Thinking about proposing this Valentine’s Day?
It’s almost taken for granted that diamonds will be involved but before you splash out have you ever wondered how the whole tradition of engagement rings began?
Our use of rings, goes back as far as the Stone Age when cavemen tied cords made of braided grass around his chosen mate’s wrists, ankles and waist to stop her spirit from running away. To demonstrate his softer side he also bound himself to her to symbolise their spirits merging together.
Egyptian remains have been discovered with silver and gold wire rings wrapped around the same finger we use to this day. This particular finger was, at one time, believed to contain a vein that led to the heart (the vena amoris).
It is not until Roman times that the history of the engagement ring can be reliably traced. Roman brides were given two rings, an iron one to wear at home whilst attending to household chores and a gold ring which was worn in public.
The first, well documented use of a diamond engagement ring comes in 1477 when Archduke Maximilian of Austria proposes to Mary of Burgundy with a ring that was set with thin, flat pieces of diamonds in the shape of an ‘M’.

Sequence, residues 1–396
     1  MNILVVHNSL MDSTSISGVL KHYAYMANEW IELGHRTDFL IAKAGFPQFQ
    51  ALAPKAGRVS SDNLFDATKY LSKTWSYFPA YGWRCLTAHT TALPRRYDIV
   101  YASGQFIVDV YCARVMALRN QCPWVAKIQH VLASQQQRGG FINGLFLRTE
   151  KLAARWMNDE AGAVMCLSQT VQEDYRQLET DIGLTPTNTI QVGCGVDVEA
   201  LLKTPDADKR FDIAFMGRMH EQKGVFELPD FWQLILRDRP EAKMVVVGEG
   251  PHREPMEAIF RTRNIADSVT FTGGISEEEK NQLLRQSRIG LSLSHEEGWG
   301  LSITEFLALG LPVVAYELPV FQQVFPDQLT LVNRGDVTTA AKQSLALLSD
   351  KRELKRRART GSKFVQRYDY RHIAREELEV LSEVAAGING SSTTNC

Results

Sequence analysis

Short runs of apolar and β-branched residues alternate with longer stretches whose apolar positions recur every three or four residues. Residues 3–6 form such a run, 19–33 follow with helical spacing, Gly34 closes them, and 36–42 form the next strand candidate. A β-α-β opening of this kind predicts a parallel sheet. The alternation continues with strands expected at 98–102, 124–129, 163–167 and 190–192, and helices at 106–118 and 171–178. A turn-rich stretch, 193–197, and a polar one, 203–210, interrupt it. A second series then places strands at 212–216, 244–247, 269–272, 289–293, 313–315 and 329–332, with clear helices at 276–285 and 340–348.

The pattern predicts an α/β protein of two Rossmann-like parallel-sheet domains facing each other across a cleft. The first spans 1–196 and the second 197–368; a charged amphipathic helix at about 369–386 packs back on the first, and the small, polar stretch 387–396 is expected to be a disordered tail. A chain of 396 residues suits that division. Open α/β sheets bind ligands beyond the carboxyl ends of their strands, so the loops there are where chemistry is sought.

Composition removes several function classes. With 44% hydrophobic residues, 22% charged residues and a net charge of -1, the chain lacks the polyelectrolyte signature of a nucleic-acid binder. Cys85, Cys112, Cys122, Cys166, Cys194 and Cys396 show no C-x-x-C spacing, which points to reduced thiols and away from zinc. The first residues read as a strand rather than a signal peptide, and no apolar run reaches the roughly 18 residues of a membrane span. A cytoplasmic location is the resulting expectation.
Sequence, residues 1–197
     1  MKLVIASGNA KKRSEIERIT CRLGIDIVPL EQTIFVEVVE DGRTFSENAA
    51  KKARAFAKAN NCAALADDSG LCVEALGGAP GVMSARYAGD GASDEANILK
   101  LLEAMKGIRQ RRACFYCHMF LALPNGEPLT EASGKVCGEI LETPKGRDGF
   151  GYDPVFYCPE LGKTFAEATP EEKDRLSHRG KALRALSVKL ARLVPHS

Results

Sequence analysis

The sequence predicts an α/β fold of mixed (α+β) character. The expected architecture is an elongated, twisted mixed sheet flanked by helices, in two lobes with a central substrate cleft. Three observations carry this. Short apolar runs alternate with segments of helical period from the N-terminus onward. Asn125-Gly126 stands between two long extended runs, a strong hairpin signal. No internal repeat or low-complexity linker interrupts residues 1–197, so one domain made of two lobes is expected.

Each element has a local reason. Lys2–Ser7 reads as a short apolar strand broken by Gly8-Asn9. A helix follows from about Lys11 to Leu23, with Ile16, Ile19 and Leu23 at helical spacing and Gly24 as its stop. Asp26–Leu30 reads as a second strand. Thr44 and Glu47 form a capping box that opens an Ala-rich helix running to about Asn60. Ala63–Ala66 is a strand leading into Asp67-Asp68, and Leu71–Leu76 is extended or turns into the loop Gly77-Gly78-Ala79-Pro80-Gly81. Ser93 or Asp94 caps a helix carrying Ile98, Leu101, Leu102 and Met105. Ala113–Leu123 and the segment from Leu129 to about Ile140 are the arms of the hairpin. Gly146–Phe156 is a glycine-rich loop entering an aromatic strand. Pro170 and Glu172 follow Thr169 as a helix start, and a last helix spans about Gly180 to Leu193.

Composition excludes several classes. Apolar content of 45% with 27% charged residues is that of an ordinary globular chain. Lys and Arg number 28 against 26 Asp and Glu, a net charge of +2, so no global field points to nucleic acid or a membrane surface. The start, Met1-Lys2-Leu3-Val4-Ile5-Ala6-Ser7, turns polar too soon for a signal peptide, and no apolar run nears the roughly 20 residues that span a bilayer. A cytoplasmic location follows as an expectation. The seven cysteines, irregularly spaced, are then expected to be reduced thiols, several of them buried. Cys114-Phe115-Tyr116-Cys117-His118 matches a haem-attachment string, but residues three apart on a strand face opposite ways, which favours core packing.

Cecil Rhodes formed the DeBeers Mining Company in 1880 and within a decade controlled 90% of the world’s diamond production. Afterwards, diamonds become affordable to everyone and not just the aristocracy. It wasn’t until the DeBeers campaign of 1947 when the slogan “A Diamond is Forever” was introduced that diamonds became seen as essential – as in 1939 only 10% of engagement rings had diamonds but by 1990 it was 80%.
It was also DeBeers marketing department who were responsible for the idea that a man should spend a certain proportion of his wages on the diamond. In the 1930s they suggested the equivalent of one month’s wages but this was soon doubled to two months’ in a bid to increase sales.
Perhaps the popularity around this period for expensive rings can be explained by a change in the law. Until 1935 a man could be sued for breach of promise if he pulled out of an engagement. Monetary damages were awarded for emotional distress and loss of marriage prospects, these damages were greatly increased if a certain level of intimacy had been reached! After the law was repealed in 1935, marriage was still the only sound financial option for the majority of women; an expensive engagement ring would give a source of financial security to the proposal.
So, it is not just about romance but then perhaps such a serious question, requires not just serious thought but also a significant gesture.
If you intent to pop the question this Valentine, don’t forget to update your insurance and make sure the engagement ring is covered. Check out our tips on getting the right insurance for your engagement ring.